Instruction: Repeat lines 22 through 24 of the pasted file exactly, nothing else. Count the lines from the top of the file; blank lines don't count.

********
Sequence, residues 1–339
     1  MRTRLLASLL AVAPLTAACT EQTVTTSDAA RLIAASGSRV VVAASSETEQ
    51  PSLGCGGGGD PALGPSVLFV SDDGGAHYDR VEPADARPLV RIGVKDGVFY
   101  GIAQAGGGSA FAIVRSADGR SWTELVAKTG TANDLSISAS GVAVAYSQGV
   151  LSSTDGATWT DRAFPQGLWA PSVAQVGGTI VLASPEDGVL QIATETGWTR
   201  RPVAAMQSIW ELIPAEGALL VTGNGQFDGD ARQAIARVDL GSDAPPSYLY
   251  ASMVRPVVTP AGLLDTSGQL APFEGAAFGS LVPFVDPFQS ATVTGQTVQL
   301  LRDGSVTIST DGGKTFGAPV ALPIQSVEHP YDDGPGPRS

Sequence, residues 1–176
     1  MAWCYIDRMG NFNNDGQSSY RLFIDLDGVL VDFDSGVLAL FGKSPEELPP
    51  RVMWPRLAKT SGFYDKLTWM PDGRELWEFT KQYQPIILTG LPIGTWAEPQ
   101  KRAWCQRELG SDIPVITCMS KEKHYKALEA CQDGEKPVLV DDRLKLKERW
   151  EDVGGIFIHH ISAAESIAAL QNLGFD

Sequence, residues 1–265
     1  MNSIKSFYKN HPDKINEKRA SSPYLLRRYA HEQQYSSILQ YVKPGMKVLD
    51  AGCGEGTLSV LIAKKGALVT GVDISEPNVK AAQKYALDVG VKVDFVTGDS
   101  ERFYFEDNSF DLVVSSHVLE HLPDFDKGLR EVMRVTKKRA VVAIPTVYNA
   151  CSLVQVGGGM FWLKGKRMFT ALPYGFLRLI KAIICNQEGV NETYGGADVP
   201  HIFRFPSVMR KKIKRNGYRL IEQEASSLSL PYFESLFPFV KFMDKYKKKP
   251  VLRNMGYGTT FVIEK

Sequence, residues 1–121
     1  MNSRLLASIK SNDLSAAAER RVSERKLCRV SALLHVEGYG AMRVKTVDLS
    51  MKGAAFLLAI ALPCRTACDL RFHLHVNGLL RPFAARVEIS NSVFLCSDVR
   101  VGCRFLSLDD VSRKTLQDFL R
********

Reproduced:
     1  MNSRLLASIK SNDLSAAAER RVSERKLCRV SALLHVEGYG AMRVKTVDLS
    51  MKGAAFLLAI ALPCRTACDL RFHLHVNGLL RPFAARVEIS NSVFLCSDVR
   101  VGCRFLSLDD VSRKTLQDFL R